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A lawyer may decide not to charge legal fees if the client loses the case, or charge more if he wins. — iStock pic
A lawyer may decide not to charge legal fees if the client loses the case, or charge more if he wins. — iStock pic

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SINGAPORE, Nov 1 — Lawyers and clients in certain types of cases may soon be able to set how legal fees will be paid depending on the outcome of a case.

A Bill introduced in Parliament today proposes amendments to existing laws that will allow, for the first time in Singapore, lawyers and clients to undertake these so-called conditional fee agreements.

This means that a lawyer may decide not to charge legal fees if the client loses the case, or charge more if he wins.

Current laws prohibit such agreements. Lawyer fees are therefore fixed regardless of the outcome of the court case.

In a statement, the Ministry of Law (MinLaw) said that as a start, these agreements can be undertaken in selected proceedings including international and domestic arbitration, “certain proceedings” in the Singapore International Commercial Court (SICC) and related court and mediation proceedings.

“Conditional fee agreements help to enhance access to justice by providing businesses or individuals with additional funding options to pursue meritorious claims, which they may otherwise not pursue,” the ministry said.

“This is particularly relevant given the disruptions arising from the Covid-19 pandemic.”

It added that such agreements may help discourage lawyers from pursuing weak cases and frivolous claims since the legal fees a lawyer gets under these agreements will be based on the outcome of a case.

The Legal Profession (Amendment) Bill was tabled for first reading in Parliament by the Ministry of Law. It is set to be debated by Members of Parliament in January.

How it works

Under the proposed amendments, a lawyer may charge an additional “uplift fee” payable in specific conditions, such as when the client wins the case.

Take, for example, a lawyer who ordinarily charges S$50,000 (RM153,614.01) for a case under the current standard legal fee arrangements.

If the lawyer and his client decide on a conditional fee agreement beforehand, he may charge S$1,000 if the client loses, but S$60,000 if the client wins.

What this means is that a person who has a credible case to bring before the courts may be less discouraged by high legal costs by entering into agreements that charge less or nothing when he loses and more when he wins.

This uplift fee can be in the form of, for example, a gross sum or hourly rate. It cannot, however, be set based on a percentage of the damages awarded in a court case, MinLaw said. This will continue to be prohibited.

The full terms and conditions of these conditional fee agreements, as well as safeguards relating to information a lawyer must provide the client, will be implemented through subsidiary legislation, the ministry said.

Fees charged under such agreements will continue to be subject to professional conduct rules against overcharging, it added.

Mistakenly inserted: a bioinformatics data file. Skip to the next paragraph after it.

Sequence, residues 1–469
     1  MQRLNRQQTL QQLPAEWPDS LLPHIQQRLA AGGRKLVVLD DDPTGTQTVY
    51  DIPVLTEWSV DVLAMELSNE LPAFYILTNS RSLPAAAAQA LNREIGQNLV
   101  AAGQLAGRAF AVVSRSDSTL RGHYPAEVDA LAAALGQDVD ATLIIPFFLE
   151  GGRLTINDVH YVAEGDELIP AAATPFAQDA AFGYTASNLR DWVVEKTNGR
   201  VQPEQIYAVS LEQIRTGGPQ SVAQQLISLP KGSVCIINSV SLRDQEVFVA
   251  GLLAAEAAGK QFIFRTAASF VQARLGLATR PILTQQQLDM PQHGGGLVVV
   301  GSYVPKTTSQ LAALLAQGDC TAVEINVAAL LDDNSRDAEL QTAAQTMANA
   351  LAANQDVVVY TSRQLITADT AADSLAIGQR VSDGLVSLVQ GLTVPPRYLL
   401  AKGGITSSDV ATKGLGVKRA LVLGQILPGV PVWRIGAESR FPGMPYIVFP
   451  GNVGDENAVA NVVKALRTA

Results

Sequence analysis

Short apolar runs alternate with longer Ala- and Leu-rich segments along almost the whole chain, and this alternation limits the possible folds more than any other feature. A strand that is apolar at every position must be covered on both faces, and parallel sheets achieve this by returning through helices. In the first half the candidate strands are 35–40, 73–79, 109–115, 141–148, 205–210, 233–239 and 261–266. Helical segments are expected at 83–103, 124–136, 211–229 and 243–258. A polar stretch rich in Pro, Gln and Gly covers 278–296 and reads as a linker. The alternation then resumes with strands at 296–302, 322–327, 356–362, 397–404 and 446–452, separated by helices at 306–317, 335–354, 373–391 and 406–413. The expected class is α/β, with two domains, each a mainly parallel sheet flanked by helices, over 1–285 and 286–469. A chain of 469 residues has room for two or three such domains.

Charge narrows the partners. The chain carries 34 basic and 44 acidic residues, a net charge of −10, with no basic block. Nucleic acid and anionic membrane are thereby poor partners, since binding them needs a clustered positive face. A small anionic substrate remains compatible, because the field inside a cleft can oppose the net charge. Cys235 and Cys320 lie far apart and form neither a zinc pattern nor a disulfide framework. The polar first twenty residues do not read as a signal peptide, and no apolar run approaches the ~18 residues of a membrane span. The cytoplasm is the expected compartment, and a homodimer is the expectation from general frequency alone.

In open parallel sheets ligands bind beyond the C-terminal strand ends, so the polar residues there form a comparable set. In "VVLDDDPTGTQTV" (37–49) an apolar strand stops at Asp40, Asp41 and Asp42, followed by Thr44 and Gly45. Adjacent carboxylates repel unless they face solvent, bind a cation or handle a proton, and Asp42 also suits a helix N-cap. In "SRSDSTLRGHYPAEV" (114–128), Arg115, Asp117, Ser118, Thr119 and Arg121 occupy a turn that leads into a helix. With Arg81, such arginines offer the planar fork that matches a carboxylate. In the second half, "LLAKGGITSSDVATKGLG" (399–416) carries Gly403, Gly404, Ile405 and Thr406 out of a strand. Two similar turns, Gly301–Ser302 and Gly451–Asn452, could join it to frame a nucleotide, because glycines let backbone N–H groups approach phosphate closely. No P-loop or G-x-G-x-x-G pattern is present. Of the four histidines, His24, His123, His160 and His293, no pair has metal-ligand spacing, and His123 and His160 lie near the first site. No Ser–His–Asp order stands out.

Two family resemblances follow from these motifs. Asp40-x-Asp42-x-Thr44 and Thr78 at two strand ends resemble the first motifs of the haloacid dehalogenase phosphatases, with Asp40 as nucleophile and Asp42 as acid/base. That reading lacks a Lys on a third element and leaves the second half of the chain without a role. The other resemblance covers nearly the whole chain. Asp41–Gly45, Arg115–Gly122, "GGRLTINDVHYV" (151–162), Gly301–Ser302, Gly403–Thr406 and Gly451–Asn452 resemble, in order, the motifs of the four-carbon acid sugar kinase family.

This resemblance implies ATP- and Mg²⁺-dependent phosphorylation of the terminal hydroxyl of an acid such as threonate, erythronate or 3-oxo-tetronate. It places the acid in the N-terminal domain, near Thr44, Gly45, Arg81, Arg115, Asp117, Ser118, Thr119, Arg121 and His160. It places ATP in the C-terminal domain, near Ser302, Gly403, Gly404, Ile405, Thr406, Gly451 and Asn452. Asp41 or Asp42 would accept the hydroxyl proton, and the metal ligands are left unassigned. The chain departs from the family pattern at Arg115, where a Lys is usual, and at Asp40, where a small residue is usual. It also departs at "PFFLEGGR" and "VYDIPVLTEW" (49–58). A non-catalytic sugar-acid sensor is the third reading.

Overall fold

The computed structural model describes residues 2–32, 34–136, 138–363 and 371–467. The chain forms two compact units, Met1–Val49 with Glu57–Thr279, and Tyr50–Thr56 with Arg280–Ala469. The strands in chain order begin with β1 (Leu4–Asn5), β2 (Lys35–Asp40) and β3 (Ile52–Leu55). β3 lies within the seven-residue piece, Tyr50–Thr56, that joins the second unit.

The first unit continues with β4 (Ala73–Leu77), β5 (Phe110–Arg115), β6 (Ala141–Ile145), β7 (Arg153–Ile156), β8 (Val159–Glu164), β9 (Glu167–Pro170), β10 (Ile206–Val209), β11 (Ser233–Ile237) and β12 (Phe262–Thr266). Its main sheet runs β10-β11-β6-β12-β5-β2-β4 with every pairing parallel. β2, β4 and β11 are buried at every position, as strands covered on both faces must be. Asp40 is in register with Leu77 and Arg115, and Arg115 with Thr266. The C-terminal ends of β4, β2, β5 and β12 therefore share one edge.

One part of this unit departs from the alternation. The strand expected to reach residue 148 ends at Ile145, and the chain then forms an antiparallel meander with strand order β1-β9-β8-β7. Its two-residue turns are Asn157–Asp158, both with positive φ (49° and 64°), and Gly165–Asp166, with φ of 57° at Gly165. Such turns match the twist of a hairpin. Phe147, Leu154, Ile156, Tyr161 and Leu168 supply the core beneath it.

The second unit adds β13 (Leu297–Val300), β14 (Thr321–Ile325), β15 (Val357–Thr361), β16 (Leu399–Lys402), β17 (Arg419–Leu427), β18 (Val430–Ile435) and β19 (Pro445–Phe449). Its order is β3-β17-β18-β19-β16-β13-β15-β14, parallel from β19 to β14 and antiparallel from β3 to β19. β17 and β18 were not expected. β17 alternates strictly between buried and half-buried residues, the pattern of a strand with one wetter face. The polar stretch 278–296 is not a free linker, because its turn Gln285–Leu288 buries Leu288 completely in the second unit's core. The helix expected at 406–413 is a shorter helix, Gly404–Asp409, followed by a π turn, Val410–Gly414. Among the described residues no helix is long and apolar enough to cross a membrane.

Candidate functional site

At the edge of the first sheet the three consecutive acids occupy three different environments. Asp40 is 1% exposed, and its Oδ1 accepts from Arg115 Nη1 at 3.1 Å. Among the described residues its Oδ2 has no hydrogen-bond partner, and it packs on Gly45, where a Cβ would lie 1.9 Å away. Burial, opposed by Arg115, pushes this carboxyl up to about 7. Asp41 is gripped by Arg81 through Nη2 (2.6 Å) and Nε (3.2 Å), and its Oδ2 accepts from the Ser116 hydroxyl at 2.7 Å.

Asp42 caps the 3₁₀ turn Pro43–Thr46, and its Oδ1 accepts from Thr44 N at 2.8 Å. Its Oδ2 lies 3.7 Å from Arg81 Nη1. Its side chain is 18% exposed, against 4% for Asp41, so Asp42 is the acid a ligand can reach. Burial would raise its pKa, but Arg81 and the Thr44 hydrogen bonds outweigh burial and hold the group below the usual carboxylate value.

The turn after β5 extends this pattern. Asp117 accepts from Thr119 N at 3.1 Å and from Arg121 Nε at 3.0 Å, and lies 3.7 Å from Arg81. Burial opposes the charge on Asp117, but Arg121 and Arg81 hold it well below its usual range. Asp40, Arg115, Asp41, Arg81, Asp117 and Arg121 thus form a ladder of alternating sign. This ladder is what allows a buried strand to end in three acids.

Jurisdictions that have adopted the English common law, including Singapore, have traditionally prohibited such conditional fee agreements. The reason was to prevent a lawyer from being tempted to enhance his client’s chance of success at the expense of his duty to act in the client’s best interest and his duty to the court.

Globally, however, jurisdictions including England and Wales have abolished these prohibitions. Other jurisdictions such as Australia, China and the United States also allow for such agreements in various forms.

MinLaw said introducing conditional fee agreements will strengthen Singapore’s position as an international legal and dispute resolution hub. It will also level the playing field for Singapore lawyers in international proceedings where lawyers from other jurisdictions may offer such agreements.

Besides conditional fee agreements, another payment arrangement known as third-party funding allows an independent funder — typically litigation financing firms — to pay for legal proceedings in return for financial gain, such as a share of the damages awarded or settlement sum.

Singapore allowed third-party funding in 2017 for international arbitration proceedings and expanded it in June this year to domestic arbitration, certain proceedings in the SICC and related court and mediation proceedings.

Scope of foreign lawyers refined

A section of the amendment Bill also seeks to refine the scope of foreign lawyers in SICC proceedings.

In the Courts (Civil and Criminal Justice) Reform Bill that was passed in Parliament in September, it allowed the SICC to hear cases of international and cross-border debt restructuring and insolvency.

These cases often involve transnational issues with a mix of foreign and local law, and may otherwise not be heard in Singapore.

Today’s Bill proposes restrictions for a foreign lawyer with full registration to submit on matters in the SICC.

They must first obtain the permission of the court in order to plead any matter. They are also not permitted to make any submission on a matter of Singapore law.

“The amendment will allow local and foreign lawyers to work jointly in such SICC proceedings,” the ministry said.

“This serves to anchor Singapore’s position as a leading debt restructuring and insolvency hub.” — TODAY


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